I recently read posts from people who wanted their lives back. The ones that they had before diabetes entered the picture. They wanted to go back to their old “normal”. These comments gave me pause because I can no longer remember much of that life or imagine how it would be now.
Diabetes has lived in our house since March of 2000. The number of times my son’s blood has been tested and his fingers lanced is far too many to try to figure out. The number of times he has had needles stuck in his body to receive insulin, have blood work done or insert infusion sets again is beyond me. I just know its a lot but I just don’t have the energy anymore to calculate the number.
When we began this journey, my son was just a toddler. He played, laughed and did his best to keep up with his big brother. Today my son is a teenage boy. He laughs. He does his best not to run unless he is involved in a serious game of hockey with friends. He goes to movies and looks forward to the times that he gets to spend with his big brother.
Because I have two boys, both of whom are now teenagers, I know that diabetes has created some very real differences in their lives. I worry about drugs, alcohol, driving and girls. I worry about their education and what they will do with their lives. Before diabetes…well I still worried and wondered what sort of young men they would become.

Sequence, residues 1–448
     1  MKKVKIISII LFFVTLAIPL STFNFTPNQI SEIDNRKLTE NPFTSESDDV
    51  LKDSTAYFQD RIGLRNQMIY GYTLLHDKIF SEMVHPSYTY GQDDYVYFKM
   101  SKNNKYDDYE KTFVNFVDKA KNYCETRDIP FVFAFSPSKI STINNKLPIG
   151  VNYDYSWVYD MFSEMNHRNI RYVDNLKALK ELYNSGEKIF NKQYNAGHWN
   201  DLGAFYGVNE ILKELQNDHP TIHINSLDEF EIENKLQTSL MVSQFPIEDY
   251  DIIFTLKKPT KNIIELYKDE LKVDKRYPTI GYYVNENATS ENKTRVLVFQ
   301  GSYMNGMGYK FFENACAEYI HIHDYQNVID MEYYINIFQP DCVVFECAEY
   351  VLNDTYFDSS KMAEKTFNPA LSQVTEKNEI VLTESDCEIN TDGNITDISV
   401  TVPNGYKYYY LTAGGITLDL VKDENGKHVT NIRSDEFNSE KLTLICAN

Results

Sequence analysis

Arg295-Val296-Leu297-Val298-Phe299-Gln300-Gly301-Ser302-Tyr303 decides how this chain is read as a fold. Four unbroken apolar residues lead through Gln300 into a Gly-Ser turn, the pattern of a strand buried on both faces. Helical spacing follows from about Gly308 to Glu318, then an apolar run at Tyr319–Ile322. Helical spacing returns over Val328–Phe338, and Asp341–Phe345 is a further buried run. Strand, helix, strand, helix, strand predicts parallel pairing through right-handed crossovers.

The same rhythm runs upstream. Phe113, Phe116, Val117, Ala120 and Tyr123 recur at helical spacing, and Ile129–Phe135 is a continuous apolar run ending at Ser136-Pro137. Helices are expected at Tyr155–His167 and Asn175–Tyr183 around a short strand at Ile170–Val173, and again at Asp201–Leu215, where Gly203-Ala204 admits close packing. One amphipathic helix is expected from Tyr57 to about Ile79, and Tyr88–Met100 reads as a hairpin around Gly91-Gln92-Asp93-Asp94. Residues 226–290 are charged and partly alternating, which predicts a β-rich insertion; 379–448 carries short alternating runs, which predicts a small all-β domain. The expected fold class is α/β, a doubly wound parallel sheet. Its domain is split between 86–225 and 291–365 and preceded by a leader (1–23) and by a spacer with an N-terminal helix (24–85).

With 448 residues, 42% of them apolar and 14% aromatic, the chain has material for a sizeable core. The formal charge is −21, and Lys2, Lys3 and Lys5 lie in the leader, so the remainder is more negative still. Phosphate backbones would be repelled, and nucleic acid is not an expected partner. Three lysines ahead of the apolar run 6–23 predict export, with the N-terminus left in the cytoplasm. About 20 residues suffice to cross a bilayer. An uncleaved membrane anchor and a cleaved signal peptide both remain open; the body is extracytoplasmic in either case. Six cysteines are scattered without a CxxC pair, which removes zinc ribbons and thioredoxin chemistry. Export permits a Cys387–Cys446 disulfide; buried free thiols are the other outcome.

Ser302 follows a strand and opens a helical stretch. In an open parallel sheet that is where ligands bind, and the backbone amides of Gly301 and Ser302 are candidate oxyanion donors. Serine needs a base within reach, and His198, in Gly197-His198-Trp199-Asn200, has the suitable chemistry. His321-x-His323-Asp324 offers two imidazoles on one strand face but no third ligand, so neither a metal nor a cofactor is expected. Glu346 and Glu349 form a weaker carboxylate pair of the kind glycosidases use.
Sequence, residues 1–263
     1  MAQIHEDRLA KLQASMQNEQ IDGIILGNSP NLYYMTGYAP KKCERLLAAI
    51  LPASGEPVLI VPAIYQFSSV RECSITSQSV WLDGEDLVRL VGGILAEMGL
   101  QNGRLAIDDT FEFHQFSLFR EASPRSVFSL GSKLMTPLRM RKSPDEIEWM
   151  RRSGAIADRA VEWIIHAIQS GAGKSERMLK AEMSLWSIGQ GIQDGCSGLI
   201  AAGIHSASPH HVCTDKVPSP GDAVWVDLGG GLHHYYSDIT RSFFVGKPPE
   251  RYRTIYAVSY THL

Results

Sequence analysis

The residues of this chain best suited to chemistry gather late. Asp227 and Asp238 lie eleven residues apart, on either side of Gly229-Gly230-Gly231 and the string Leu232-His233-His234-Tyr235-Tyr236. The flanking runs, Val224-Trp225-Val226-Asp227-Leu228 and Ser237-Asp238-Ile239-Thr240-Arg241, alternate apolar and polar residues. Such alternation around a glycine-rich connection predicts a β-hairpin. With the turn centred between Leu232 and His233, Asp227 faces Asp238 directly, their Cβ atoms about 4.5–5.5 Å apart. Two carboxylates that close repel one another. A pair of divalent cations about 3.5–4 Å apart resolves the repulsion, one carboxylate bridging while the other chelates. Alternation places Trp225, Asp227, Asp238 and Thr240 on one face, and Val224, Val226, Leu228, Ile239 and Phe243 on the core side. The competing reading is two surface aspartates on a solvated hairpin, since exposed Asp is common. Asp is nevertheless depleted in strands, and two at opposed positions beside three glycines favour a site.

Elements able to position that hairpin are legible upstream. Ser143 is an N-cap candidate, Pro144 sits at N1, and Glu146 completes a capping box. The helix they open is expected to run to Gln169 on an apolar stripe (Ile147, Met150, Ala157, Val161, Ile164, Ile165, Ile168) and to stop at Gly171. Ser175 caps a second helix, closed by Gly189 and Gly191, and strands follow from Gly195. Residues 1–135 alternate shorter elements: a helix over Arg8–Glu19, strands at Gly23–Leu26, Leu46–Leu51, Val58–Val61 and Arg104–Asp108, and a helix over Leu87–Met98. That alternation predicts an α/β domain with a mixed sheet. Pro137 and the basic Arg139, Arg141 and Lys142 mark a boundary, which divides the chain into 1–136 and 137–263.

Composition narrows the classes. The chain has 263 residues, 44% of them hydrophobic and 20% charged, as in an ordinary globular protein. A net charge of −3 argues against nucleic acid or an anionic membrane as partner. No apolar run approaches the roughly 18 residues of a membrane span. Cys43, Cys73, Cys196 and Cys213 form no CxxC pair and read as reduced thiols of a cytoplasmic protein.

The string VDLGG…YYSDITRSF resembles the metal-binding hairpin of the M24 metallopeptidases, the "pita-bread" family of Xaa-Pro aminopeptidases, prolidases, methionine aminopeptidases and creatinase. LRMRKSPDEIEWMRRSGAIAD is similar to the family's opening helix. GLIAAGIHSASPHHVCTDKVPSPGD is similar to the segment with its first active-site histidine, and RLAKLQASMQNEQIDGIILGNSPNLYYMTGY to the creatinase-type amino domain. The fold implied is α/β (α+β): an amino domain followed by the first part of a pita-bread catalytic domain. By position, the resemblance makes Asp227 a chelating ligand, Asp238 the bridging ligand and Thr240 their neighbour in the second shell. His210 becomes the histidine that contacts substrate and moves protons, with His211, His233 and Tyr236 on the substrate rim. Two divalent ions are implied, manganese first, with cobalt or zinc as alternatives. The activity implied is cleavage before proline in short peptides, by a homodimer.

Diabetes has added another level of worry when thinking about my youngest son of course. I worry about his level of care–will he ever learn? Will he ever wake from a low? Will he remember to test? Will he change an infusion set on time? Will he be able to afford his supplies? How will he handle girls and diabetes? Will he be careful if he decides to drink? Will he test before he drives?
Before diabetes, I never truly realized what our health care system did and did not cover. I did not understand the cost of staying alive and healthy when living with a chronic disease. I don’t think I that I would want to go back to that level of ignorance. It has given me a new respect for many people–not just those living with diabetes.
Life before diabetes was different but it was a very long time ago. It remains a distant memory. Since diabetes, we have changed and grown. We have seen our character become ever stronger. I have a few more wrinkles than I might otherwise have had. I live off of a lot less sleep than I imagined possible but I have read more books…waiting for a 3 am low to come up gives you time for things like reading.
Our lives are different now than they might have been but its not all bad. I have made amazing friends. I have met incredible people. We have experienced things that we might not otherwise have done.
I would still give anything to see a cure. I would still do anything to take this disease away from my son. I still wish that there was a magic wand I could wave to make this disappear for everyone’s children–young and old. Its not a life I would wish on anyone, but its the life we were handed and we do our very best to live it to the fullest.